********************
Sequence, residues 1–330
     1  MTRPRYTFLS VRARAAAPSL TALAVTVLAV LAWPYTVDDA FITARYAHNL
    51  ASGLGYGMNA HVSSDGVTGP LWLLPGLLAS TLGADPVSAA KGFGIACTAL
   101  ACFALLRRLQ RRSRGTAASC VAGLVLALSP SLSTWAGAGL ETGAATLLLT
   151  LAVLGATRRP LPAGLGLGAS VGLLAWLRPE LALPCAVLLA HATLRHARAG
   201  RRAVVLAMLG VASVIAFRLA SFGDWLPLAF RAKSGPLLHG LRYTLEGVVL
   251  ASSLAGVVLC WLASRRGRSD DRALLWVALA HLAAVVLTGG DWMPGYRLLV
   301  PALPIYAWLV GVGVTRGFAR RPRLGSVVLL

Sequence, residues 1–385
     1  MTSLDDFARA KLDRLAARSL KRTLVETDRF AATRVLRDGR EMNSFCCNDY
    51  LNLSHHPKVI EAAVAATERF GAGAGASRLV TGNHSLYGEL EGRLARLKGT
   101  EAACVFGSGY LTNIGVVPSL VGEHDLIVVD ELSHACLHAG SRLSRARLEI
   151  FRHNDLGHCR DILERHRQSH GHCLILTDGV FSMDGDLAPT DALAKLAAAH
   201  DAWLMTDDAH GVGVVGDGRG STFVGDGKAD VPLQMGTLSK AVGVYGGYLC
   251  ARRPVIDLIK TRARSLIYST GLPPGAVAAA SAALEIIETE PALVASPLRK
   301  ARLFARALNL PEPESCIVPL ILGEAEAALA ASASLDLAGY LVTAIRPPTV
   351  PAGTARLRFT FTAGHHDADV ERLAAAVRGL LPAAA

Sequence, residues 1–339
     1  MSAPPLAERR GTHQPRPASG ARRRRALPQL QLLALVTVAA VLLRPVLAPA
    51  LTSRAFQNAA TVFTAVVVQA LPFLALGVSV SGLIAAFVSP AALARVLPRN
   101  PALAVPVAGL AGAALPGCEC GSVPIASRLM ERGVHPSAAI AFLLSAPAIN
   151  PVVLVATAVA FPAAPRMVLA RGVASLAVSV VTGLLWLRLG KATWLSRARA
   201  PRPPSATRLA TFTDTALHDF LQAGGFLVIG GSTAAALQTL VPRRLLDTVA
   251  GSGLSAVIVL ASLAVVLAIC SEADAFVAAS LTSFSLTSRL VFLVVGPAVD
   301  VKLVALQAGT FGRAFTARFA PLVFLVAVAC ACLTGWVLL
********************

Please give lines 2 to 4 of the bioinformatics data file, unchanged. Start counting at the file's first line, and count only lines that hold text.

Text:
     1  MTRPRYTFLS VRARAAAPSL TALAVTVLAV LAWPYTVDDA FITARYAHNL
    51  ASGLGYGMNA HVSSDGVTGP LWLLPGLLAS TLGADPVSAA KGFGIACTAL
   101  ACFALLRRLQ RRSRGTAASC VAGLVLALSP SLSTWAGAGL ETGAATLLLT